Wednesday, May 30, 2012

Owning Comics (Part 2): Begin with the Best

I had originally planned to include a full post in this series called "How to Read Comics," but I quickly realized—depending on which angle I chose to attack the issue from—there would be either very little to say or way too much. I decided to take the shortcut with a few quick tips and a book to read if you really feel like going extracurricular with this.

(ultra brief edition)

Tip #1: Realize it's not that hard to figure out how to read a comic book page. Believe that, and you'll figure things out in no time. Sometimes, comic book pages can be intimidating. The format is unfamiliar, there are lots of balloons and captions and panels and god it seems like a lot to puzzle out. Don't give into the temptation to get frustrated or feel like somehow the page looks different to other people; it doesn't. As with anything else, practice makes perfect—or in this case, practice makes effortless. Left to right, top to bottom. That applies to balloons (dialogue), panels (individual pictures), captions (boxes with text in them, like narration), and everything else. If the comic artist has done his job (most will if you stick to the best and the brightest), there will be a discernible flow to the page. Just do your best. This is for fun, and I promise nobody is going to shove a quiz under your nose.

Basically, you just look at it.

Tip #2: Start at the beginning of the story. Whenever possible, this is a good idea. This doesn't mean you have to go back to 1938 if you want to read Superman. There are reboots and self-contained arcs all over the place that anyone can pick up and enjoy. These self-contained arcs are often collected into hardcovers or trade paperbacks, typically about 4-6 issues long (an issues is around 22 pages). Not only does this make enjoying comics cheaper, it means you can read the whole story without hunting around like mad for individual issues. (We'll get into acquiring comics later in this series.) If you want to give Batman a shot, for example, often it's as easy as googling "Top 25 Batman Stories" and looking them up on amazon. I've discovered tons of great stuff this way.

Tip #3: Remember, it's okay that you don't know everything. Trust me on this; the people who know everything get paid good money by DC and Marvel to serve as consultants and continuity experts. So don't be discouraged if you run into a character you don't know or a reference that leaves you drawing a blank. This. Happens. Just do what the average reader does and keep reading. If you try to push through and find you still can't puzzle out (or enjoy) the story, chances are that either the comic book writer forgot his obligation to keep readers up to speed (every comic book could be somebody's first comic book, and it's the writers' job to remember that), or you've ended up the middle of a larger story without the benefit of going through the beginning. If the latter is true, again google can save your life. Wikipedia too. They often have extensive lists of comic book issues and stories, what came first, etc; sometimes there are even synopses so you can catch up quick and get back to reading.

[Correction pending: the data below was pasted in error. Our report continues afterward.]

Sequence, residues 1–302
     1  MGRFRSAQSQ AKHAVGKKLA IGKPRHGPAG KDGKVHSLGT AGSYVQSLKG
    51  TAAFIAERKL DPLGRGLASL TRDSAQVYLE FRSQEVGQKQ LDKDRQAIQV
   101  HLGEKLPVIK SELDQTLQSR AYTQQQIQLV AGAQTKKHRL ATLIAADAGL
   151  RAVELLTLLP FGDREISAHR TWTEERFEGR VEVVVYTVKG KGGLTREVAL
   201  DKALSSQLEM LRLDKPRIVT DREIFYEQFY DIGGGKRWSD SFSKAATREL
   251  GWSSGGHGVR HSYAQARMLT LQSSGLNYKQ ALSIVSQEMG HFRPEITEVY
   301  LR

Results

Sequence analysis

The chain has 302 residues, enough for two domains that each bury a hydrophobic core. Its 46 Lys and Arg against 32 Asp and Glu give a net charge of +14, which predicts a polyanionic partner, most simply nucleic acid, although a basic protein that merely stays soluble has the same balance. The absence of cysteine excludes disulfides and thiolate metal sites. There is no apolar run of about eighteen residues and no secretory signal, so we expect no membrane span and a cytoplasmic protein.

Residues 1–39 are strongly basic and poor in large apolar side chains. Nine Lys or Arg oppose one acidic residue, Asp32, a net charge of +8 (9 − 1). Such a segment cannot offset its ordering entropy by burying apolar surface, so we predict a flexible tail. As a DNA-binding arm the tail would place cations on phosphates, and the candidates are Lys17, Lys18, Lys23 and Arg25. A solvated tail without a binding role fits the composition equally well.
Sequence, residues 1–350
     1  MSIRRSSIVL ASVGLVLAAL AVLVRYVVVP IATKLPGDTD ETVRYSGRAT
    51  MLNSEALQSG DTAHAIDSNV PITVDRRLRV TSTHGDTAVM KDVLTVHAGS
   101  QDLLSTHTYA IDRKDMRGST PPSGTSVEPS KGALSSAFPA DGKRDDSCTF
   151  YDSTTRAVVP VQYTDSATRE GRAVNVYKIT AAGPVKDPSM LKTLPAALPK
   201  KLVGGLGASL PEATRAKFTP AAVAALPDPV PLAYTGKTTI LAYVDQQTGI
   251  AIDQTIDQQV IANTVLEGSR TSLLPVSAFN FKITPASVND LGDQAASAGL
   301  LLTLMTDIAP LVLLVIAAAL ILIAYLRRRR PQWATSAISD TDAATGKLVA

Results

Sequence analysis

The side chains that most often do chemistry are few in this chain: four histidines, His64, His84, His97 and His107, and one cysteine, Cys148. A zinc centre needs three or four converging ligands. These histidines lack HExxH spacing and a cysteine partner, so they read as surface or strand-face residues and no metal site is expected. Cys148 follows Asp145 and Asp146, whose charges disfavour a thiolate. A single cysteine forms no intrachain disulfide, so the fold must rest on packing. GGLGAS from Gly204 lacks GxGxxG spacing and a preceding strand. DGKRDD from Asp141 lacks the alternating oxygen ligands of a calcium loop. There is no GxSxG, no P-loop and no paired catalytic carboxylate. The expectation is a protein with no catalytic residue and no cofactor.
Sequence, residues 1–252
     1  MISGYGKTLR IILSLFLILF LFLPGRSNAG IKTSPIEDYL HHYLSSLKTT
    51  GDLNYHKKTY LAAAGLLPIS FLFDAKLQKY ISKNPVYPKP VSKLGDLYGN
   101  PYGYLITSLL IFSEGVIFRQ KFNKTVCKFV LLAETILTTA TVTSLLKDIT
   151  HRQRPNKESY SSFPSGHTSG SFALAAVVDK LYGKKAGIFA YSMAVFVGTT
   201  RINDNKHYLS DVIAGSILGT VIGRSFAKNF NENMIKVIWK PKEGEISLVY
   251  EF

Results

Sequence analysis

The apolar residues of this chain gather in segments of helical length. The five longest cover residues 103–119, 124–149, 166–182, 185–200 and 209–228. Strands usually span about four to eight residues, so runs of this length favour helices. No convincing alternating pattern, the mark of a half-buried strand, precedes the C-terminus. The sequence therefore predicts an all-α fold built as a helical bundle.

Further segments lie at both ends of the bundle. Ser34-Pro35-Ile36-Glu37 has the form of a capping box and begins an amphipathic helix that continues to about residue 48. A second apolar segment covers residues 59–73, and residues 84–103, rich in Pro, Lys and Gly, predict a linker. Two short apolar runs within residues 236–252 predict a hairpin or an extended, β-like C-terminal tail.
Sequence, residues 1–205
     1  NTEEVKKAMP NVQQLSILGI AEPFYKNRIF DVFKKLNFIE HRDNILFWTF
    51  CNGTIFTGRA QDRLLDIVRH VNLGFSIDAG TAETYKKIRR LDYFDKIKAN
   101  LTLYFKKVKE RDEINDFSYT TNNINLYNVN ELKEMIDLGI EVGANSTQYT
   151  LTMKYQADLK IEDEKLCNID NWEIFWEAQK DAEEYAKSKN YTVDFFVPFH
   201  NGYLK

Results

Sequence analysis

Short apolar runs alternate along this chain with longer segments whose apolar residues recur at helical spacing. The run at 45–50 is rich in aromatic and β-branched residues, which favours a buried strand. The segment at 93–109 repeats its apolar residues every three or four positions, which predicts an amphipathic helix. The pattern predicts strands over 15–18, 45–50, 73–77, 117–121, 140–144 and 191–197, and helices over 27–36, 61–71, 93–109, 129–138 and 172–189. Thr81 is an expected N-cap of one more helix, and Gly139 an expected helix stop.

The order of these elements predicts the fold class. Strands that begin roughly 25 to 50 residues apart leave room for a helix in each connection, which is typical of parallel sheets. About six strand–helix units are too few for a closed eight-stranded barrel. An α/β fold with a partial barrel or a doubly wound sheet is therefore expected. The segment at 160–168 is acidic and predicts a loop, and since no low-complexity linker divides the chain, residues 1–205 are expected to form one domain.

To summarize further, just remember: You're smart enough for this! It can look like a big confusing world out there, but most of what you need to know is a click away. It's a treasure hunt, and discovering new things is part of the fun. I promise you'll stumble onto something amazing that will make it all worth it. And there's nothing like sharing something new with your friends and watching them get excited about what you dug up. There's great stuff out there; go find it.

Stand back.
Bad ass at work.
If you want to learn more about comics as a medium, there is no better resource that Scott McCloud's Understanding Comics. It's a comic book about comic books. Read it. It will blow the lid off your brain. By the end of it, you'll know more about comics as a medium than 99% of the human beings on Planet Earth.

But what if you're thinking, Slow down, Steve.Your tips are all well and dandy, but I know literally nothing about comics. I've seen the Incredibles, and that's it. (Great movie by the way.) I can't google a character I want to read, because I don't know any of them well enough to know if I want to read them or not. I'm greener than Green Lantern on his first day. (Okay, you probably wouldn't say that last thing.)

Here's what I'm going to do for you:

I'm going to assign you some homework. That's right, I'm takin' yo ass to school. Eventually, we'll get into things like DC's New 52 titles, indie comics, movie and novel tie-ins, manga, current mainstream comics, animated movies, even individual superheros. We'll get into how and where to acquire comics, how to store them, the benefits of trades vs individual issues, but not yet. Right now, we're going to start with the classics. And trust me, in the world of comics, that's a good thing. A very good thing. Because these babies won't bore you. On the contrary, they will grab you by the face, entertain the ever-loving shit out of you, and overhaul your brain in the process. That's right. Some of the comics I'm about to suggest won't just entertain you; they'll change you.

Big talk, right? I confidently stand behind every word. These books are the reason why:

(alternate title: "Read These and You Can Instantly Talk About Comics Like You Know Your Shit")

1. Sandman by Neil Gaiman

^It's in here. All of it.